By Arthur Gibson
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Additional info for Biblical Semantic Logic: A Preliminary Analysis
Is that it is too simply empirical, too dominated by the fact of evidence in the form of quotable words, of entries in dictionaries, of discovered artefacts, and too little experienced in the analysis of the connexions between these facts and the variety of their possible interpretations. It has been too much controlled by a logic of discovery (whereby a new text from Qumran, a new word found in Ugaritic, are taken to prove something) and too little by a logic of analysis. 1 Barr is rightly criticizing a simplistic empiricism which does not actually succeed in accurately describing the 'fact'.
1995 Wittgenstein on Mind and Language (Oxford: Oxford University Press) Striker, G. 1998 'Aristotle and the uses of logic', in Gentzler (1998): 209-226 Tenant, N. -L. H. 1985 Empirical Models for Biblical Criticism (Philadelphia: University of Pennsylvania Press) Tilley, C. J. 1968 Anthropomorphic Figurines ofPredynastic Egypt and Neolithic Crete (London: A. E. 1998 'Aspects of Animal Symbolism in Mesopotamia' (unpublished PhD dissertation; Cambridge University Faculty of Oriental Studies) XXXVI PROLOGUE TO THE SECOND EDITION Watterson, B.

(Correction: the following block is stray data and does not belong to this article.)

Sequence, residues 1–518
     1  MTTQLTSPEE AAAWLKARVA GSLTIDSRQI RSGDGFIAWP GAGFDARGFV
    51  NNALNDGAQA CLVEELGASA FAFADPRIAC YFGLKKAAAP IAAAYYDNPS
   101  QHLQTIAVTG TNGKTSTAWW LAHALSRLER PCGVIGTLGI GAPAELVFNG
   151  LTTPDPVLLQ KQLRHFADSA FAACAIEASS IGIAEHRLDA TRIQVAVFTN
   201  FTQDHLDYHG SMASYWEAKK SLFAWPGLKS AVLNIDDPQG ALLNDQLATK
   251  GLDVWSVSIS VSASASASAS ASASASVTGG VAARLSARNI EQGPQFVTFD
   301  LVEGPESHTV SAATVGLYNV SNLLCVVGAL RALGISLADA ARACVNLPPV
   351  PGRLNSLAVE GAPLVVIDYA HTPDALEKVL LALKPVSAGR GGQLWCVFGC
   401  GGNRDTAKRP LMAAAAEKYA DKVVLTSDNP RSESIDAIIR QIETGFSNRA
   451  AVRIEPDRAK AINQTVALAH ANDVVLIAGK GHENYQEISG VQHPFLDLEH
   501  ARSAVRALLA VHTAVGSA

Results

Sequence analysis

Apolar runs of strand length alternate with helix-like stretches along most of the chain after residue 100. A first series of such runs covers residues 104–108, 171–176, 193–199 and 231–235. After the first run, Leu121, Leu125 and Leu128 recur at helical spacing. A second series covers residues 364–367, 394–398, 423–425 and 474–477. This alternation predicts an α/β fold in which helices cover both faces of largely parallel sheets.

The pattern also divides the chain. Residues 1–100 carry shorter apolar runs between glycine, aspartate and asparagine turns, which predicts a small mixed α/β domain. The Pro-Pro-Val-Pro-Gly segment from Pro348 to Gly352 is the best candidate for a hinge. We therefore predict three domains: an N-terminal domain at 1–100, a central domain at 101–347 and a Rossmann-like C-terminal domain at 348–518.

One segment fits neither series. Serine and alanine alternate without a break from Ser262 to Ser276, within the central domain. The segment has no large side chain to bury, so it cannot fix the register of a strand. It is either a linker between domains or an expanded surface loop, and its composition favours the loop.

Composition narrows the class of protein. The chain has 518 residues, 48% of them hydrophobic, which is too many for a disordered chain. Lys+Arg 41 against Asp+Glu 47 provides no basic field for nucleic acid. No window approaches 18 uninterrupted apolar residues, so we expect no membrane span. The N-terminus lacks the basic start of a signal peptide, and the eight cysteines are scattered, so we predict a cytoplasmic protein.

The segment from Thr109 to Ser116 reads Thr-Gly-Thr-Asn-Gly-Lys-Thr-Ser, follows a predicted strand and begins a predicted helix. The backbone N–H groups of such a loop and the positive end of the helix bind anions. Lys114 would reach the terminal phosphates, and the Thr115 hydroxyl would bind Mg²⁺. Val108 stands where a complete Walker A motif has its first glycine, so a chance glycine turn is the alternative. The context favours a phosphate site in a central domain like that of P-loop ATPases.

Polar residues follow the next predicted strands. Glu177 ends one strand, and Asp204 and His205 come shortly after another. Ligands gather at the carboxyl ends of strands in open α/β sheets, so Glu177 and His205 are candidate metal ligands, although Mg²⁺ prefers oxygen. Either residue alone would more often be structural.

Rabin works in a rather different mould from J. Barr (cf. C. Rabin 'hattitaken semantiqa miqra'it', Bet-Miqra' (1962), pp. 17-27). g. J. F. A. Sawyer, Semantics in Biblical Research (London, 1972). 4 D. Hill, Greek Words and Hebrew Meanings (Cambridge, 1967). 5 F. M. Cross, Canaanite Myth and Hebrew Epic (Harvard, 1973). 6 G. Kittel and G. ). 7 J. Barr's review of D. Hill's Greek Words and Hebrew Meanings, New Blackfriars, 49 (April 1968), 575, pp. 376ff. 8 I shall argue that this mistake, typically, is to some extent due to the fact that further errors need to be exposed.